By Sonia Livingstone and Kruakae Pothong
What do UK children think of the EdTech products they use at school? Have they been informed about the personal data these products collect from them? The answer to the first question is mixed, at best. The answer to the second question is, by and large, no! Yet, our recent report uncovered how digital classrooms are failing to comply with data protection regulations and leaving school children vulnerable to commercial exploitation as a consequence.
To underpin our socio-legal analysis of two digital products – one platform (Google Classroom), one app (ClassDojo) – we conducted a short nationally representative survey of 1,014 school children aged 7-16 years old. We already knew that, in 2021 alone, Google Classroom was downloaded almost 1.34 million times in the UK, and ClassDojo was downloaded 849,000 times, making them among the most used educational apps. Such use was encouraged by government-funded support during the pandemic and has continued since.
But it turned out to be hard to discover how many children are actually using these and other EdTech products. So, the Digital Futures Commission’s EdTech survey set out to answer this question and to consult children on their views.
Because we are committed to consulting children on matters that affect them, we also asked the children what they think of these products – do they think they help their learning and, if so, how? And what do they think about the data that is shared about them with companies, as part of the wider data ecosystem. Last, we wanted to know whether and how their school has explained this to them, perhaps as part of data literacy or computer science or, more simply, when requiring children to sign up for this or that EdTech app.
The results raise concerns about the governance and management of EdTech in our schools, especially viewed through a children’s rights lens, as well as about data literacy education.
Which EdTech products do children use and what do they think of them?
Almost all children (nearly 9 in 10) used at least one of the 11 EdTech products we asked them about. Over half (56%) used one or both of the two big platforms – Google Classroom or Microsoft Teams. Beyond these, as the graph below shows, Times Tables Rock Stars is popular in primary schools, as is ClassDojo and Seesaw. Show My Homework (Satchel:One) is used in secondary schools, along with maths apps. Some apps are used in both primary and secondary schools, including Google products YouTube and Maps.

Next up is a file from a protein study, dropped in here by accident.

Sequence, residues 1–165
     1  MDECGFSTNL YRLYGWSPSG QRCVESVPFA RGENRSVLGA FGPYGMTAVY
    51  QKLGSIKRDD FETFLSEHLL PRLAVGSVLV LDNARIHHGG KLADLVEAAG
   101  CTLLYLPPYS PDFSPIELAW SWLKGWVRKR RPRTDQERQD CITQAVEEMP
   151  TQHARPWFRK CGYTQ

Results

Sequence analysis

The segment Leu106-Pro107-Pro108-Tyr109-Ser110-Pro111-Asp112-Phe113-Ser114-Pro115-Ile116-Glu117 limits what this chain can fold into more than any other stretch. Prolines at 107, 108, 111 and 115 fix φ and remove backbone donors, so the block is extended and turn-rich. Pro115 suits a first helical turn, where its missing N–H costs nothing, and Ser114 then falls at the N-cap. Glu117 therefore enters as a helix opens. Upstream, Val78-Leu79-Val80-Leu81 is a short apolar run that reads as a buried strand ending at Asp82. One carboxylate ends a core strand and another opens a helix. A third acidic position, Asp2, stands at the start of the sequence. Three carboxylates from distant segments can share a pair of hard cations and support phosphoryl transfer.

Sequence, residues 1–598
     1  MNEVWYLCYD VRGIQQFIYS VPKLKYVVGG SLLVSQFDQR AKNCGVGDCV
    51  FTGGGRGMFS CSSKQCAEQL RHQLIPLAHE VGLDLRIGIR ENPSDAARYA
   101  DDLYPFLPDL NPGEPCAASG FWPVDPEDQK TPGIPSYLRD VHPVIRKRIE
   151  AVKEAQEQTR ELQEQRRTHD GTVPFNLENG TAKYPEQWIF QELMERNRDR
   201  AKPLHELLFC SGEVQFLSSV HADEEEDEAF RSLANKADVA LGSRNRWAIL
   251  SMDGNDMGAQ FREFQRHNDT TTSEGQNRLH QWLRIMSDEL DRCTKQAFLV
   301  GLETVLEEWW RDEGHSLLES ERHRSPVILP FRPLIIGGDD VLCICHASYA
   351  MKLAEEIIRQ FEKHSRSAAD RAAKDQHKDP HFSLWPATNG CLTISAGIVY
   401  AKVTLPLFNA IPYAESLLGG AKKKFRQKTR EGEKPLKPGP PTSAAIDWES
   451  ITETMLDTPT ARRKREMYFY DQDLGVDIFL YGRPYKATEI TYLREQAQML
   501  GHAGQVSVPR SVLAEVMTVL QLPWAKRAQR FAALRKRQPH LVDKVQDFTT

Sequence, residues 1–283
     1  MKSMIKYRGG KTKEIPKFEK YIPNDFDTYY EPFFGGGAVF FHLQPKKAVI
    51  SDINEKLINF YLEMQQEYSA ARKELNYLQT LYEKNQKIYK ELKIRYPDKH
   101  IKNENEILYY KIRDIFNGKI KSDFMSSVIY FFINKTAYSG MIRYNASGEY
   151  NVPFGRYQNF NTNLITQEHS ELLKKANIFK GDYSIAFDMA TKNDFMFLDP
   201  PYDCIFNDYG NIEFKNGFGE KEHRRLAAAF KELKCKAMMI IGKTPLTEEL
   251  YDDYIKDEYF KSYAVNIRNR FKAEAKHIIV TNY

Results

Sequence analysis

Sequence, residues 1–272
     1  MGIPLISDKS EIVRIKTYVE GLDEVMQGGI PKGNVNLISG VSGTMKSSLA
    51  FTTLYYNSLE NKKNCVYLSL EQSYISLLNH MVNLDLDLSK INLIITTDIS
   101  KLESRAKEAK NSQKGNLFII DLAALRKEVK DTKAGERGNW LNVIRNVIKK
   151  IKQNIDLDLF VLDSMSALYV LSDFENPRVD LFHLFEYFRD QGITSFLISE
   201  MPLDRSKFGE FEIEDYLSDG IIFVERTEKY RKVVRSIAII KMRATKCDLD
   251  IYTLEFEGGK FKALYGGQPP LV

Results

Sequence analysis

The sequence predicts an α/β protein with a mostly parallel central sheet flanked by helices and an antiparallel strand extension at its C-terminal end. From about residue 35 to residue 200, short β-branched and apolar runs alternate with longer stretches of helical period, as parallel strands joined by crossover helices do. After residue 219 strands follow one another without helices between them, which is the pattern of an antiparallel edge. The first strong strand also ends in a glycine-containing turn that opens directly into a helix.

Our recent report on the perspective of schools shows that these apps can bring benefits but they are also challenging to use, sometimes disappointing, and sometimes with hidden costs for teachers’ workload and pedagogy. Experts confirm this ambivalent picture of the role of EdTech.
Children, too, have mixed views about the EdTech products they use in school. The benefits that children told us about mainly revolve around helping children keep up with their learning activities and engaging them in a fun way while they are learning a particular subject.
“All my lessons and homework are on [Google Classroom], I get everything in one place, so it is easy to find.” (Girl, 15)
“In geography, we use street view [in Google Maps] to look at places around the world like the great wall of China.” (Boy, 11)
Yet, some doubt the benefits of the EdTech they use in schools, for they either find little meaning in the kind of help they get from the EdTech they use or still prefer learning in person.
“Seesaw helps because I know what I’ve done. It doesn’t help because there is really no point.” (Girl, 10)
“I don’t like to use MyMaths because I like being taught by a teacher face to face and do not like homework.” (Boy, 16)
Children perceive some of these EdTech products as behavioural management tools more than learning tools.
“ClassDojo doesn’t help [with] learning, but it encourages you to [behave] better by giving points.” (Boy, 10)
What do children think of how their data is shared with companies?
Our research has found that education data are widely shared with commercial companies, but it has proved near impossible to discover which data are shared with whom for which purpose. Our survey results found that children generally think such sharing is unacceptable. They were especially concerned about sharing more private information such as health or financial data. Overall, 69% of 6–17-year-olds said that none of these types of data should be shared with companies.